Angular neon strips, actors walking on walls, sharp and jolting contrasts between dark and light, between noise and silence: these are some of the spectacular elements that visionary theatre company Frantic Assembly have brought to Bryony Lavery’s poignant and distressing play The Believers.
Two couples, neighbours forced together by a flood, have an awkward dinner while their daughters play upstairs. Marianne and Joff are down-to-earth: they swear and they find it difficult to control their daughter Grace. Maud and Ollie are religious and ostensibly just very nice; their daughter Joyous is a model of good behaviour. But in the midst of the stormy weather a dark tragedy unfolds.
Director Scott Graham and designer Jon Bausor have conceived of the stage space as three dimensional, framing every scene and every movement with this holistic sense of space in mind. They marry the play, perceptively written and utterly enthralling in itself, with an unflinching attachment to physicality and design. The actors gracefully weave themselves through metal frames that are spun round, turned sideways, flipped upside down or they hang horizontally from invisible wires on the black backdrop of the stage – all while delivering their lines passionately.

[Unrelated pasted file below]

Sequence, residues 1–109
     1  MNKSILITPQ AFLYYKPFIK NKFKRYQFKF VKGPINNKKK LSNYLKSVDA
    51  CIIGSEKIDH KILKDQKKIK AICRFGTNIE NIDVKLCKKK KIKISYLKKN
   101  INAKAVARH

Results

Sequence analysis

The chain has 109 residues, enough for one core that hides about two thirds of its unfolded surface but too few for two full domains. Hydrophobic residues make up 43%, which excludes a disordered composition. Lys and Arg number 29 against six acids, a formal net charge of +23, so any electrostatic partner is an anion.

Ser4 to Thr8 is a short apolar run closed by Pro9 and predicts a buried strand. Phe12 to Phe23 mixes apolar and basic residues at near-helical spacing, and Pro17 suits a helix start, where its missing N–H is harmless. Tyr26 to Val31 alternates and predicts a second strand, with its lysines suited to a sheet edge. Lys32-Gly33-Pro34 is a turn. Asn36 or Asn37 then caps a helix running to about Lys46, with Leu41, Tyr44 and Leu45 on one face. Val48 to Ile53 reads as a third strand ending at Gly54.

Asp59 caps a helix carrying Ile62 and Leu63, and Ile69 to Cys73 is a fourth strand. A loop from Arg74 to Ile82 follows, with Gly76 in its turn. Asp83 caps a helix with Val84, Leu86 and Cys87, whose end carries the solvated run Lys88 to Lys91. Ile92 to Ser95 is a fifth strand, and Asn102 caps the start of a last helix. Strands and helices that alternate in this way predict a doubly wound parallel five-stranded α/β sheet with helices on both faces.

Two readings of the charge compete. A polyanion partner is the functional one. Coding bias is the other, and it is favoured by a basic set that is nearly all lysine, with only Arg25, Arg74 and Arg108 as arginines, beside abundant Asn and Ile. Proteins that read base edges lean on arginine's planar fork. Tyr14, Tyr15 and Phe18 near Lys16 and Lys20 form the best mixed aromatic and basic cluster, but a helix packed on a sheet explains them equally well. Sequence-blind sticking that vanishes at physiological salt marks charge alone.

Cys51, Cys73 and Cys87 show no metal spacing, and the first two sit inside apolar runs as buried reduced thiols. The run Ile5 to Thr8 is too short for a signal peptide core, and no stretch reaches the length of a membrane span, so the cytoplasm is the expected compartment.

These metal frames, which are manipulated to form doorways and walls, are a precarious, half-formed set that both reflects the play’s driving theme – the precariousness of the lives these couples lead – and makes a statement about the nature of theatre: that what is happening on stage is only a half-formed snapshot of the reality it is representing.
Andy Purves’ stunning lighting design takes advantage of the few seconds required for the eyes to adjust to changes in light. While the audience blinks, the cast members move into new and always unexpected positions. Sudden lurches into pitch black or blinding whiteness are accompanied by ungodly sounds from sound designer Carolyn Downing. A persistent hum drones quietly throughout the action at the beginning, which is difficult to notice but penetrates deeply and sustains a slow, frightening tension.
The Believers’ most impressive quality is that none of these special effects are there for the sake of it, for a cheap thrill. They are carefully considered choices to test what a theatrical space can and should do, but always rooted by a sense of consideration for Lavery’s script and its themes. The result is absolutely thrilling.
Photo: Helen Maybanks
Originally for The Upcoming